University cuts student employment hours because of Obamacare

Maggie Lit
Former Reporter

  • Undergraduates will have their work capped at 20 hours a week.
  • An email informed departments "[t]he revised [KU] policy seeks to balance the necessity for students to make academic progress while managing potential fiscal liabilities with ACA."
  • Officials at the University of Kansas (KU) are capping student work hours to 20 hours a week because of provisions of the Affordable Care Act—commonly known as Obamacare—that require employers to provide health insurance for part-time employees.

    Since the news was announced last week, many students are growing increasingly concerned because of the recent decrease in their hours (previously capped at 30 hours a week for undergraduates) and growing tuition. However, university officials feel the cutbacks are necessary in light of Obamacare's policy changes.

    "I need any extra income I can get, and that means every hour of the day that I'm not in class I’m working and I value that a lot."   

    “The revised [KU] policy seeks to balance the necessity for students to make academic progress while managing potential fiscal liabilities with ACA,” Diane Goddard, vice provost for administration and finance said in an email to the departments, according to the Daily Kansan.

    Many students don’t feel that off-campus employment options can provide the necessary accommodations for their busy schedules that campus jobs do.

    "If I have a test to study for I can let them [campus employers] know, and they can give me any time off that I need, but I know that would not be the case if I was working a service job," senior Kristina Nielander told KSHB.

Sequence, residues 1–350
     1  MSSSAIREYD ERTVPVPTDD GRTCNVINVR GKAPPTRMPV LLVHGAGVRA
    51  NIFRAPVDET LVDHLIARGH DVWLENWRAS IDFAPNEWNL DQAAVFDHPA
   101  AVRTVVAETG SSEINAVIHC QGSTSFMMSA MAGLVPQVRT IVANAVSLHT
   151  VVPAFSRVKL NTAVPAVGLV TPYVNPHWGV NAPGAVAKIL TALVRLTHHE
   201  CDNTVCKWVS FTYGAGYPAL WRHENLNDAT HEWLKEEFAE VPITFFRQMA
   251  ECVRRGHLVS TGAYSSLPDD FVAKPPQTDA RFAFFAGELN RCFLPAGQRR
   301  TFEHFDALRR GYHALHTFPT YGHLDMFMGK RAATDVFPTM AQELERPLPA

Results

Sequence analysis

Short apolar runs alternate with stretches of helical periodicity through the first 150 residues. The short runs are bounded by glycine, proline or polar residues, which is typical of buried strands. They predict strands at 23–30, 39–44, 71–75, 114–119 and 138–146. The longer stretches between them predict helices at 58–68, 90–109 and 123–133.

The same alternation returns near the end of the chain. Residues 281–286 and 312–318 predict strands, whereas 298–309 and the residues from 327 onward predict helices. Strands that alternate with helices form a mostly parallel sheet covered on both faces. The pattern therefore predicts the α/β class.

Last semester KU had 4,850 student employees but university officials claim only a handful worked more than 20 hours a week. Students like Rachel Prather argue that every hour counts and confessed her concerns about affording groceries on the recent cuts.

    "I need any extra income I can get, and that means every hour of the day that I'm not in class I’m working and I value that a lot."

    The ACA provisions ignited a discussion about the law of unintended consequences for the university and officials are expecting backlash from angry students.

    “As the news starts to trickle out, I suspect we will see a lot of emails coming into human resources,” Gavin Young, KU Spokesman told KSHB Kansas City.

    Follow the author of this article on Twitter: @MaggieLitCRO





    Maggie Lit

    Maggie Lit

    Former Reporter
    Maggie was a reporter with Campus Reform. Before joining the Campus Reform team, Maggie wrote for The Daily Caller and Radio America. During her time in college, Maggie spent her summers producing content for politically conservative news outlets including The Daily Caller, Radio America, and CBS Denver. She is now a digital media producer at LifeZette.
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